Stanford Prison Experiment Analysis

The famous Stanford Prison Experiment was carried out in 1971 by psychology professor Philip Zimbardo. He investigated the nature of violence and cruelty that arise as a person’s reaction to the restriction of freedom in the conditions of a social role imposed on an individual. The main complaint about the Zimbardo experiment is a violation of ethics. In the 21st century, ethical requirements for social experiences were not established and formalized. From the present day’s perspective, Zimbardo’s experiment would be impossible to conduct; it would not have been approved by any ethics commission primarily because it initially implies severe psychological pressure on the participants. However, this study received wide publicity and an undeniable place in the history of social psychology.

Researchers invited undergraduate students to act out the roles of guards or convicts to study social psychology in a prison setting. The volunteers had to spend several weeks in prison conditions; the participants’ sample was homogeneous: law-abiding young white men from families with average incomes (Bartels, 2019). The results of preliminary psychological tests did not reveal any mental problems or abusive behavior patterns (Bartels, 2019). In the research process, the relationships between guards and prisoners were characterized by aggressive actions of guards and psychological breakdown among several prisoners (Bartels, 2019). On the sixth day, the guards showed excessive power towards the prisoners, who recorded severe emotional disorders (Bartels, 2019). One of the prisoners had to be released early due to symptoms of psychosis (Bartels, 2019). Thus, the experiment was found to be out of control and required to be aborted.

Despite all the issues that contradict ethics, Zimbardo’s research influenced the formation of social psychology. The discussion of the experiment indicates a violation of several norms of ethics, which led to unethical consequences (Le Texier, 2019). These are incomplete conditions of the investigation in the participants’ contract, infringement of their fundamental rights such as food and hygiene, and violation of the American Psychological Association (APA) Code of Social, Legal, and Privacy Rights (Le Texier, 2019). Zimbardo’s experiment can be regarded as an example of psychological research when the authors ignored the basic principles of a code of ethics.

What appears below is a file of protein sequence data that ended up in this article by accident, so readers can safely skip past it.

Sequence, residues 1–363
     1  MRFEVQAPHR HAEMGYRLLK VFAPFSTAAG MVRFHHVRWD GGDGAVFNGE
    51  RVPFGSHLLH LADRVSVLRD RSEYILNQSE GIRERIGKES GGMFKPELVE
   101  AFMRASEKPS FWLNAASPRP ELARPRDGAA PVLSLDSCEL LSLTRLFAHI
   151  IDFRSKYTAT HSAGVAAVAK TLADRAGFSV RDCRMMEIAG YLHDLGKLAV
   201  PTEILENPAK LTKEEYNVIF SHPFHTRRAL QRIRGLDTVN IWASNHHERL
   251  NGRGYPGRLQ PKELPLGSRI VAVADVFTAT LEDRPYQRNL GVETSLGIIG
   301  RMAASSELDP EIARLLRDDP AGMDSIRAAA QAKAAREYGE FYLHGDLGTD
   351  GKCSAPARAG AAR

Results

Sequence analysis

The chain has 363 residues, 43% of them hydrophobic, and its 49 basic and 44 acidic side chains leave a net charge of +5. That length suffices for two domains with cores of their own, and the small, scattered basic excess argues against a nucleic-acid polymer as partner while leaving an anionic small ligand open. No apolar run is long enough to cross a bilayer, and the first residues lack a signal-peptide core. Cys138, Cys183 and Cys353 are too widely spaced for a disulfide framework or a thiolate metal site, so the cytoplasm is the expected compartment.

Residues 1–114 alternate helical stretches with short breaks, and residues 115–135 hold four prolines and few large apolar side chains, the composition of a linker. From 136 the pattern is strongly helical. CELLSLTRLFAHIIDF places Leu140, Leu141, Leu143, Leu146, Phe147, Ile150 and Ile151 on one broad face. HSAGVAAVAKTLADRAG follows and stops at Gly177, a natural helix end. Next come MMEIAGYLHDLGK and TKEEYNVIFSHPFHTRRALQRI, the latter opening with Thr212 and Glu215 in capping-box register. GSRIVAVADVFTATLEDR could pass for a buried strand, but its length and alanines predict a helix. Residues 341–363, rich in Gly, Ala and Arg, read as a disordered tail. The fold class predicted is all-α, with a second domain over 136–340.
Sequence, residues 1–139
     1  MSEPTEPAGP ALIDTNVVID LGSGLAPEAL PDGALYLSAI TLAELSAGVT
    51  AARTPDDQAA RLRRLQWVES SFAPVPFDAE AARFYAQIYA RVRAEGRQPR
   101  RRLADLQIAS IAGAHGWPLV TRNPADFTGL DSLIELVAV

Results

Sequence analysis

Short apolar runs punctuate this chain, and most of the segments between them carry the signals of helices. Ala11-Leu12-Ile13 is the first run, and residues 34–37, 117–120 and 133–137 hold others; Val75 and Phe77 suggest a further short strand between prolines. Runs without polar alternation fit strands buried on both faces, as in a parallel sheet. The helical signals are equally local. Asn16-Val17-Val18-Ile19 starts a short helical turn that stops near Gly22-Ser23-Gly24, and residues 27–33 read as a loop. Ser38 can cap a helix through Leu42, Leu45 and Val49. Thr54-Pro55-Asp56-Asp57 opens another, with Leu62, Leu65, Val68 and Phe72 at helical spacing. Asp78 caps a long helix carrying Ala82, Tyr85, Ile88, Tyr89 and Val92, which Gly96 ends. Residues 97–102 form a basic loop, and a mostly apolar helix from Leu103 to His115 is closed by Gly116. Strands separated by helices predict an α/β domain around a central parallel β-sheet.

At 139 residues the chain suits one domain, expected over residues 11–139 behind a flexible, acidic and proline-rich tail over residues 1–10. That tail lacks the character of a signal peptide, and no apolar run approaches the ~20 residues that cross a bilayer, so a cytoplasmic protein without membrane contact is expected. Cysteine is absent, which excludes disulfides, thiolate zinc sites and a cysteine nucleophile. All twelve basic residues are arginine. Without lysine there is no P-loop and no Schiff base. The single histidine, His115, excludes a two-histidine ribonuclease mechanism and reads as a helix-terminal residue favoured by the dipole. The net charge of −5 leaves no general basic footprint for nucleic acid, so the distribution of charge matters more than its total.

Recent findings criticize the study, revealing that abusive actions were performed not by guards’ own imagination but were encouraged by instructions from experimenters. Jail keepers received detailed instructions from the researchers the day before the experiment began (Le Texier, 2019). They were asked to make the prisoners feel defenseless, lonely, and fearful; however, it did not concern using psychological or physical violence (Le Texier, 2019). Therefore, the methods to which the guards began to resort during the experiment were attributed to them. Moreover, Zimbardo’s study involved 24 people, which is not enough to achieve statistical significance when deviating from the null hypothesis (Le Texier, 2019). Thus, another limitation is the sample of participants was insufficient for the most reliable methods of statistical hypothesis testing.

To sum up, in terms of scientific advances, The Stanford prison experiment is considered a cornerstone issue of social psychology. It raised and staged such concerns as good and evil, group dominance, and stratification of social roles. Zimbardo used the obtained results as the truth, explaining all the imperfections of human behavior revealed under the influence of changed environmental conditions. It may be incorrect and dangerous to transfer the results of such experiments to real-life situations. Limitations and poor methodology underestimate the value of other well-designed, randomized, and controlled psychological trials. The conclusions obtained can be used to justify behavior motivated by entirely different reasons.

References

Bartels, J. (2019). Revisiting the Stanford prison experiment, again: Examining demand characteristics in the guard orientation. The Journal of social psychology, 159(6), 780-790. Web.

Le Texier, T. (2019). Debunking the Stanford Prison Experiment. American Psychologist, 74(7), 823-839. Web.

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